Dr. Irene Goldman-Price examines disturbing evidence of Wharton’s prejudices gleaned from her writings, setting it within the context of her life and times and probing its implications.
Edith Wharton (1862-1937), an American author of immense erudition and talent, was born during the Civil War into a wealthy and prominent family of Old New York. She wrote more than forty volumes of stories, novels, poetry, memoir, house decoration, travel, and other subjects, for which she received a number of literary awards, and she is now considered one of America’s greatest writers. For her humanitarian service in Paris during World War I, Wharton was honored by both the French and Belgian governments. And, like her good friends Theodore Roosevelt, Henry Adams, and Henry James, she also harbored anti-Semitic prejudices.
In her talk, Dr. Goldman-Price will lay out evidence of this prejudice from Wharton’s letters and writings and from other sources and put these beliefs into the social, literary, and intellectual context of her time. The question of how one is to respond to such attitudes in a person of prominence will be open for discussion. Although it is not necessary, because Wharton’s most sustained fictional portrait of a Jew comes in her 1905 novel, The House of Mirth, listeners might enjoy reading the book before attending the lecture.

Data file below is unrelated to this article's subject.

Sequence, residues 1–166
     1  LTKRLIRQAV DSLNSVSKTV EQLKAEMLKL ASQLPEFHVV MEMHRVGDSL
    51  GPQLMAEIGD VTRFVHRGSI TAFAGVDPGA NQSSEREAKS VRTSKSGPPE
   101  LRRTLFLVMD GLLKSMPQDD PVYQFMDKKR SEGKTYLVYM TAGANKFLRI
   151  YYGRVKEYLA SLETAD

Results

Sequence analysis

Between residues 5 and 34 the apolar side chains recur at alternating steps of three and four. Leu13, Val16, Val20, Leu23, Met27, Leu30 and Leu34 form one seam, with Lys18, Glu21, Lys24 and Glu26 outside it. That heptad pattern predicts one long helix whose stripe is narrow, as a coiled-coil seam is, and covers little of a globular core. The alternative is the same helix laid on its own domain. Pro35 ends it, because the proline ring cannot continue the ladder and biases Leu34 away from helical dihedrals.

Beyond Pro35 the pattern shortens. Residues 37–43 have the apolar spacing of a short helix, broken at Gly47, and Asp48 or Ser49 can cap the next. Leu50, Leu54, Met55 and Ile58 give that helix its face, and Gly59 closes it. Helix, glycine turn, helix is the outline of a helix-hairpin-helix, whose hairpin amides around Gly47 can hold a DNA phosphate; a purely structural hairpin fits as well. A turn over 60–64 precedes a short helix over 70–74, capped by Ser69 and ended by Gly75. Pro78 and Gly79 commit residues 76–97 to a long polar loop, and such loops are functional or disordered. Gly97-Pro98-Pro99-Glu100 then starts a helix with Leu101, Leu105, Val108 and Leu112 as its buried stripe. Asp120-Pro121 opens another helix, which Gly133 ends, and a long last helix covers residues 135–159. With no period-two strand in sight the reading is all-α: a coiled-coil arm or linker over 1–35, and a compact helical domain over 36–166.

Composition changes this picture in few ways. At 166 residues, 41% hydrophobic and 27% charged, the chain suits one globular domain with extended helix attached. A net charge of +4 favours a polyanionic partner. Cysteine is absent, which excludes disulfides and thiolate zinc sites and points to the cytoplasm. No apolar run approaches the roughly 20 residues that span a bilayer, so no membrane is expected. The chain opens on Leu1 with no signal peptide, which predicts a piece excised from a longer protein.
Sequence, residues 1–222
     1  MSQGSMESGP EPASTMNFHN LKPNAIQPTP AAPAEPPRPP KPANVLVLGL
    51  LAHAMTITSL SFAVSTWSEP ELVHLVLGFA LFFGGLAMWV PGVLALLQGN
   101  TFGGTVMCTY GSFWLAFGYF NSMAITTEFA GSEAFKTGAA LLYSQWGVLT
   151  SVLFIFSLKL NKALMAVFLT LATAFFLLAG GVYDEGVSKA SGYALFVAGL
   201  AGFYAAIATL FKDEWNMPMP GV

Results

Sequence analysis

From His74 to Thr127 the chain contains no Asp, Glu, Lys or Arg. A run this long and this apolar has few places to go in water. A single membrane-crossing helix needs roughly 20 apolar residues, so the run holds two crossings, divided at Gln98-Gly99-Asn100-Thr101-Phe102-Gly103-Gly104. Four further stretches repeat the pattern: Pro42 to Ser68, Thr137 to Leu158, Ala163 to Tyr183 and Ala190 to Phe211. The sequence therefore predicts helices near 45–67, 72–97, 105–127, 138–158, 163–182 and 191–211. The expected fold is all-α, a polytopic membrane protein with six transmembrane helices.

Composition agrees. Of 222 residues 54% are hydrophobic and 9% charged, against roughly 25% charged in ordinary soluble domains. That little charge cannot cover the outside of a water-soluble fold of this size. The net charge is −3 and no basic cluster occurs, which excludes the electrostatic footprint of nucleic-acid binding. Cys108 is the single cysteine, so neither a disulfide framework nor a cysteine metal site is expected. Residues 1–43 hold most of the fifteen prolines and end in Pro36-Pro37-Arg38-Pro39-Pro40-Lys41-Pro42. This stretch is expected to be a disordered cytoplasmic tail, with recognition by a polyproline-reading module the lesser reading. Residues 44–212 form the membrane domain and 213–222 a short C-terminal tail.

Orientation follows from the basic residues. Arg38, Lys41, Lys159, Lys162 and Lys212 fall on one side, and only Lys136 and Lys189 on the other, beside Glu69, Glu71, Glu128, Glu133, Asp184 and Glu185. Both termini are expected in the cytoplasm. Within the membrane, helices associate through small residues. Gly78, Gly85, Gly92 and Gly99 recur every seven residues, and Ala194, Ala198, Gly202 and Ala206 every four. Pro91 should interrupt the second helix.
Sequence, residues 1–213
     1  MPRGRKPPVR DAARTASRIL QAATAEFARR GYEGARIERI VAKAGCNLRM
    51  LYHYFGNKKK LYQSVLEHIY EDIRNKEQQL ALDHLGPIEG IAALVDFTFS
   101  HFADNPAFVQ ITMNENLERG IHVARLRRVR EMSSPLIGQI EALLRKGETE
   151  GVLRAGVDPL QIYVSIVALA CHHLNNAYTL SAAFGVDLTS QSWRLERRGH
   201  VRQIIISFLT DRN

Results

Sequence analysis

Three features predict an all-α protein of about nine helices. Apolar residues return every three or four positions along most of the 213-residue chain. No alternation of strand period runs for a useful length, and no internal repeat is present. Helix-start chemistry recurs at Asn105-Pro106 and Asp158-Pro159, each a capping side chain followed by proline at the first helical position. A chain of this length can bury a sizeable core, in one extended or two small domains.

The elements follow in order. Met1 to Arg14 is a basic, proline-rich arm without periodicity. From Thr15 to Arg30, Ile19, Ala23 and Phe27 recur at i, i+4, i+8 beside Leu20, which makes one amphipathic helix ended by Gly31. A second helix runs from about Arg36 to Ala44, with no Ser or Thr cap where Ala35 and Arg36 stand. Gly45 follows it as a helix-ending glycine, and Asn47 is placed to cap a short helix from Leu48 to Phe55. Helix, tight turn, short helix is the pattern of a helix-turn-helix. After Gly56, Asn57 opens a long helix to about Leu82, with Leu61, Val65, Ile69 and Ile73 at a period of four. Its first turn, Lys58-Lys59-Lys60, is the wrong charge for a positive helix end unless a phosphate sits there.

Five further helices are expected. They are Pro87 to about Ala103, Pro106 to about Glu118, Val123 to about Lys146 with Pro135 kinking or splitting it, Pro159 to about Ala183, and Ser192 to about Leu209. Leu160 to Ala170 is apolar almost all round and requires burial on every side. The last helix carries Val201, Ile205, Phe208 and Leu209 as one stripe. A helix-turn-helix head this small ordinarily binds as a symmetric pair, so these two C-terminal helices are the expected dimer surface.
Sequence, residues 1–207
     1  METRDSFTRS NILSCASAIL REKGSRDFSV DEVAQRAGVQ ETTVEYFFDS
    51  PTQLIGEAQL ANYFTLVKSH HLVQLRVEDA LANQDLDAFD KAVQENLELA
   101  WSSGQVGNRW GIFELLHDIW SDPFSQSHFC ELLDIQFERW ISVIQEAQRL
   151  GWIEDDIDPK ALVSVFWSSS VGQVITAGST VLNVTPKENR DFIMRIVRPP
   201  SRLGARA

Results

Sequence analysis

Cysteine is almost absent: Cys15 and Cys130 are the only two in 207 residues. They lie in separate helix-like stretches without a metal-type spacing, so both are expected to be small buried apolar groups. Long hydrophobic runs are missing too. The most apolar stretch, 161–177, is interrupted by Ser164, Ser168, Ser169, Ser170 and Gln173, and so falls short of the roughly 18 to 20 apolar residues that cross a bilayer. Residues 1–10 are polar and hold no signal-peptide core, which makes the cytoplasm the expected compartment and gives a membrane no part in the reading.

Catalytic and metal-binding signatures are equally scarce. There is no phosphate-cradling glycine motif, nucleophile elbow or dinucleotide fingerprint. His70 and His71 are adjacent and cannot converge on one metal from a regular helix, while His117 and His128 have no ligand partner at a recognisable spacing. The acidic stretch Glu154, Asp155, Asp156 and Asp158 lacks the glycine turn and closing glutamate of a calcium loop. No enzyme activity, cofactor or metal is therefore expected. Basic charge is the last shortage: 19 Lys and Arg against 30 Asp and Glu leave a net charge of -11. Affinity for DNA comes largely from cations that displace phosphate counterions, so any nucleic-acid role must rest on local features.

Dr. Irene Goldman-Price earned her PhD in English from Boston University and spent much of her career teaching English and Women’s Studies at Ball State University in Muncie, Indiana, where she also headed their women’s studies program. She is the co-editor of American Literary Mentors and editor of My Dear Governess: The Letters of Edith Wharton to Anna Bahlmann, for which she earned fellowships from the Beinecke Library at Yale University and the Edith Wharton Society. Her article “The Perfect Jew in The House of Mirth” has been reprinted several times. She has taught American and Women’s Literature at several universities and community forums, including locally for OLLI. Her abiding interest in Edith Wharton has led her to serve on the editorial board of the Edith Wharton Review and as a trustee at The Mount, Edith Wharton’s house museum in Lenox.
The Mount is a Massachusetts Cultural Council UP designated organization welcoming participants of all disabilities. Please contact The Mount at 413-551-5100 or by email, email@example.com, to discuss accommodations needed to participate fully in this event.